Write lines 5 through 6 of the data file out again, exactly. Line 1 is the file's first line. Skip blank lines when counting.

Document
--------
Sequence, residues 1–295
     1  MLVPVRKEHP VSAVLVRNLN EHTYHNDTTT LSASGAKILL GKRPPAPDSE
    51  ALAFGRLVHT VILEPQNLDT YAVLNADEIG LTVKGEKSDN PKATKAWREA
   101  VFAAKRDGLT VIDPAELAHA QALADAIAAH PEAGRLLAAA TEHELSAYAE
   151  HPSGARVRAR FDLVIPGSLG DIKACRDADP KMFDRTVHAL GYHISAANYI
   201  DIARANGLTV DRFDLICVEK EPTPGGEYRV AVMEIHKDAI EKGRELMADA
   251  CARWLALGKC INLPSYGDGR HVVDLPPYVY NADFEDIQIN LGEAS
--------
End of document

   151  HPSGARVRAR FDLVIPGSLG DIKACRDADP KMFDRTVHAL GYHISAANYI
   201  DIARANGLTV DRFDLICVEK EPTPGGEYRV AVMEIHKDAI EKGRELMADA